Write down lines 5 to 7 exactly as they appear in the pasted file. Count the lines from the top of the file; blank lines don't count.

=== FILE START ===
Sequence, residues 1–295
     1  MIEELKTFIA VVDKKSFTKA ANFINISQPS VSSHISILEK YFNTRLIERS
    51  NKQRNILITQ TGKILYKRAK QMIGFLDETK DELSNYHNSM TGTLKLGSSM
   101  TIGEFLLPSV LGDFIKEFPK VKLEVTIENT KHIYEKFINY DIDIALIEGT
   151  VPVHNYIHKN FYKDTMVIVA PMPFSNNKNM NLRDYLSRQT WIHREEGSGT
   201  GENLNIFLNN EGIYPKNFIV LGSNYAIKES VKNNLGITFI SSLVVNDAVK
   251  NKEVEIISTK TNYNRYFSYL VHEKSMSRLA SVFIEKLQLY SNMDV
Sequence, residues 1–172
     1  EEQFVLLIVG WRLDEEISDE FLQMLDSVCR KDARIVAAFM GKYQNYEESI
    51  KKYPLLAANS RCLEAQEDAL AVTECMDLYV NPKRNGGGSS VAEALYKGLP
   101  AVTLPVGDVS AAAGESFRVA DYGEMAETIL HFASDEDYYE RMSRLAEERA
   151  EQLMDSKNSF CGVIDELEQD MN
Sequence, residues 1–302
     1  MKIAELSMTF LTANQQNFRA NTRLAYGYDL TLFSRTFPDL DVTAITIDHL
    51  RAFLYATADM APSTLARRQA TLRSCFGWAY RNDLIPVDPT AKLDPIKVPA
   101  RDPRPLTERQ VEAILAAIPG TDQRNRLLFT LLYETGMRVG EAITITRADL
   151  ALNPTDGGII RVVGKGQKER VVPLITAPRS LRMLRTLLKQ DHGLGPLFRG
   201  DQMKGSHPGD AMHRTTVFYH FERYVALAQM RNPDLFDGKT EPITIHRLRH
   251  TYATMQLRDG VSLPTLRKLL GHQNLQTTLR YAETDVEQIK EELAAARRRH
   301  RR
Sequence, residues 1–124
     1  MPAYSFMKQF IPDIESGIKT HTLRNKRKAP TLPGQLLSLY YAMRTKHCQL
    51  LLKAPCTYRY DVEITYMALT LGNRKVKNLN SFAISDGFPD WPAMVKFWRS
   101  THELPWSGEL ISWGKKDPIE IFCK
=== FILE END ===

   151  VPVHNYIHKN FYKDTMVIVA PMPFSNNKNM NLRDYLSRQT WIHREEGSGT
   201  GENLNIFLNN EGIYPKNFIV LGSNYAIKES VKNNLGITFI SSLVVNDAVK
   251  NKEVEIISTK TNYNRYFSYL VHEKSMSRLA SVFIEKLQLY SNMDV